Yes, it's five days into Advent, but you should still check out the Science Geek Advent calendar from Science Creative Quarterly — featuring reindeer parasites, festive lobsters, Christmas trees in space and more cool stuff.

What happens to turkey feathers after the turkey becomes Thanksgiving dinner?

For clarification, it's Big Bird that is made out of turkey feathers. Not Pat Nixon.

How turkeys fly

Turkeys do fly. But they're built more for running, with powerful legs. Those legs, though, come in handy when the birds do take to the air. Unlike other large birds that need a relatively long runway to launch themselves skyward, turkeys can basically just jump up and take off — sort of the helicopter to other birds' 747.

Happy Dinosaur Dissection Day!

When you cut apart your Thanksgiving turkey this year, let's all take a moment to remember the other animals that once fed on dinosaurs — including ancient giant squirrels, sharks, and (of course) other dinosaurs.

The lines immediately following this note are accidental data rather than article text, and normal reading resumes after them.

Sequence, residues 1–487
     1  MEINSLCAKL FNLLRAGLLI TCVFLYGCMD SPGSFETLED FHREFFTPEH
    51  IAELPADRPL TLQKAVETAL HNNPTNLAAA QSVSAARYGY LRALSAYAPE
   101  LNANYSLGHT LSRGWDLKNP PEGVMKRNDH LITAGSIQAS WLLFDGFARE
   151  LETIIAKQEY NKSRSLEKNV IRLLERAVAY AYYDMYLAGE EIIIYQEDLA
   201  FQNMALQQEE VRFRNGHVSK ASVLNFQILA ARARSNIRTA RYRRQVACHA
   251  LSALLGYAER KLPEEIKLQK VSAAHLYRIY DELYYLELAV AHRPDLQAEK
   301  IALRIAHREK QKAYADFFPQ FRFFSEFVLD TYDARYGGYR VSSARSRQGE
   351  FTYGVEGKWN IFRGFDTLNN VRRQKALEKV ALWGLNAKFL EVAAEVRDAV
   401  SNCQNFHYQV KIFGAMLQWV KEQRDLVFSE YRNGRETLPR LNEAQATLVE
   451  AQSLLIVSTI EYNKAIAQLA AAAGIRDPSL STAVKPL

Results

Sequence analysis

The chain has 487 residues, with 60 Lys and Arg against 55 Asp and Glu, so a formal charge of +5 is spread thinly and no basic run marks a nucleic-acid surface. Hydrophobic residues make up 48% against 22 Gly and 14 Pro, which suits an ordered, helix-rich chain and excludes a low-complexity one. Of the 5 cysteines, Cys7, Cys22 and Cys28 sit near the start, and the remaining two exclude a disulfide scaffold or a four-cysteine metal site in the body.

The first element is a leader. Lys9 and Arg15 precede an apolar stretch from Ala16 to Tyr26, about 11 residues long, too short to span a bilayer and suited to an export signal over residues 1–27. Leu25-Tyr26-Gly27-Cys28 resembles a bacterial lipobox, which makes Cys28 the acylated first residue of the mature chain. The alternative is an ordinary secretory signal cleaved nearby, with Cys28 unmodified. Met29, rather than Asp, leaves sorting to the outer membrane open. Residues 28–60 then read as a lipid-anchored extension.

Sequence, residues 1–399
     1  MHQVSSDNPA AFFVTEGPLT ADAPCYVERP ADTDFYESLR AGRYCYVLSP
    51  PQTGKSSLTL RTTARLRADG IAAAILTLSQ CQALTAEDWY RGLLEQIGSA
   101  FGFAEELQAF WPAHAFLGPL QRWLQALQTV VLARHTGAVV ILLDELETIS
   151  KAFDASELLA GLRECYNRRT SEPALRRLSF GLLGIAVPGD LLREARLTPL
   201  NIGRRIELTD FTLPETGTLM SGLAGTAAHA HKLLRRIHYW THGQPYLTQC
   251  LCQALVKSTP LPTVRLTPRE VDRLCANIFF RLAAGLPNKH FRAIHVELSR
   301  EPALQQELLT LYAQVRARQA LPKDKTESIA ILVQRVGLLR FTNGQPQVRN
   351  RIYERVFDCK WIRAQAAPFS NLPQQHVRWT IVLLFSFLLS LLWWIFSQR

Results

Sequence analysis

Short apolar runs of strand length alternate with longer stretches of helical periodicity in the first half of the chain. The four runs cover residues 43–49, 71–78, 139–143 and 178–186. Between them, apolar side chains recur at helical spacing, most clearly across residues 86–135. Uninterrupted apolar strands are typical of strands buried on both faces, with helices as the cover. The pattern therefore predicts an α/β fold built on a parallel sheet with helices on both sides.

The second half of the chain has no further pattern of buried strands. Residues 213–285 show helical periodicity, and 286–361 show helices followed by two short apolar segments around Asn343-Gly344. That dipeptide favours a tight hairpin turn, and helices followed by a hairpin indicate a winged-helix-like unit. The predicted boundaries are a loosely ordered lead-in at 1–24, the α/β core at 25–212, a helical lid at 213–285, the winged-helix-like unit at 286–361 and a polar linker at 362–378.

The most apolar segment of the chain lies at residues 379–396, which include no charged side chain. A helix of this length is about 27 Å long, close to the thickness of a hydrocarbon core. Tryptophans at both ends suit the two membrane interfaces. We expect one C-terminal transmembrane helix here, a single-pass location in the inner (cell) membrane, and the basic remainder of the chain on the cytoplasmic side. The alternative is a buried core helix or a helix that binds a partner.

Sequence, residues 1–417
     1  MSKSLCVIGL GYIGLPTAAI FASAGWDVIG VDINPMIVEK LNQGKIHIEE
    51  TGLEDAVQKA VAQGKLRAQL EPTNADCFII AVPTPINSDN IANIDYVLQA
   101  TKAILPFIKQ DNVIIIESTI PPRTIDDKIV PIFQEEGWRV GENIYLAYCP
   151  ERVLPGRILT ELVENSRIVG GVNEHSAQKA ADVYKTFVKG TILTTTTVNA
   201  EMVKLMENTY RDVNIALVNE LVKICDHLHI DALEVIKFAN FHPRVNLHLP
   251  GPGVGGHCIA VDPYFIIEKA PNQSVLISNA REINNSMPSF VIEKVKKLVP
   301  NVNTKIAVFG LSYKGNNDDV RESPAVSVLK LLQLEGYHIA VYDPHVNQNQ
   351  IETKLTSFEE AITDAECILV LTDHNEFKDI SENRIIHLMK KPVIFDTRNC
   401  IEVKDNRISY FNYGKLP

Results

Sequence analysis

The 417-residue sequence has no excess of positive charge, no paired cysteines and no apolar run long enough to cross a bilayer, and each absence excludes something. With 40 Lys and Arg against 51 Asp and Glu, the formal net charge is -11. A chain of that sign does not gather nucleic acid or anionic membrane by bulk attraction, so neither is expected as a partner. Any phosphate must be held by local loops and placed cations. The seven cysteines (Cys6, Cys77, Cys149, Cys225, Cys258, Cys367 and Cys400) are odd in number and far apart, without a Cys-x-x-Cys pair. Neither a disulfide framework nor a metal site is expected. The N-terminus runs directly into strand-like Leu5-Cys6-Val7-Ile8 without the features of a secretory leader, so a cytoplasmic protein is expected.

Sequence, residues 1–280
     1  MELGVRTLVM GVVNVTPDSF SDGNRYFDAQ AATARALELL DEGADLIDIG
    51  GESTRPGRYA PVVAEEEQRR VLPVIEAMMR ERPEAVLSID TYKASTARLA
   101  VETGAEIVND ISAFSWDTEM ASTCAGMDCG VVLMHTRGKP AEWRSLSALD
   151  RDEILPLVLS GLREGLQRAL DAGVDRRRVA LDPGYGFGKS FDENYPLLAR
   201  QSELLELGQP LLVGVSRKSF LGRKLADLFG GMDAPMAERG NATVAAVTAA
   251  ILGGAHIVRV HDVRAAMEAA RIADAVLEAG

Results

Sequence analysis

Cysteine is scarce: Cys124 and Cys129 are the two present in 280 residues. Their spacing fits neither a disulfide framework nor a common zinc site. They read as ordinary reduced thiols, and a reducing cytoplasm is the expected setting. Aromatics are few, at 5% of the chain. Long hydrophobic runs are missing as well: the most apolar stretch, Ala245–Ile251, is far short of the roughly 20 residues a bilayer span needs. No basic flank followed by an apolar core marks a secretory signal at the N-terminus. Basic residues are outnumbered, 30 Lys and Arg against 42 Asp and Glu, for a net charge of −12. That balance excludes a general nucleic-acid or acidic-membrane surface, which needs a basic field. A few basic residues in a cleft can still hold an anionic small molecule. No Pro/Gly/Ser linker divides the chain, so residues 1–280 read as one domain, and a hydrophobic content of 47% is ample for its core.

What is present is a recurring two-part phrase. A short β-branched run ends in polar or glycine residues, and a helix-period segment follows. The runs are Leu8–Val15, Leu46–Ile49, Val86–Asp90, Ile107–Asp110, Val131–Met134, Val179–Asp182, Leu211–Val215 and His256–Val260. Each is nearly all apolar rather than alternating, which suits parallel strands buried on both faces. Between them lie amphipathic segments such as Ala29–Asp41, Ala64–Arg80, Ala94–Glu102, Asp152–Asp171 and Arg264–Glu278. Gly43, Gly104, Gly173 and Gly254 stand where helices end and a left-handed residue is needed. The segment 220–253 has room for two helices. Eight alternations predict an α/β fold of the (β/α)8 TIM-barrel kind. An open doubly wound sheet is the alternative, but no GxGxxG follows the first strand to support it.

A holiday reminder

Eating turkey doesn't make you sleepy — it's all the booze and over-eating that does that.

DIY Halloween: Baby Jackhammer Jill

This year, my husband, Chris, and I made a baby and a costume to put her in. Here, Althea Koerth Baker, 4 days old, shows off her Halloween costume and her ability to tolerate parental shenanigans.

Celebrate Ada Lovelace Day by adding more female scientists to Wikipedia

October 15 is Ada Lovelace Day, a celebration of women in science and engineering, centered around the lady who is credited with publishing the first computer programs ever written. What does one do for Ada Lovelace Day? How about spending some time editing Wikipedia? There's an official edit-a-thon in honor of the holiday, aimed at improving and increasing Wikipedia's coverage of women in the sciences.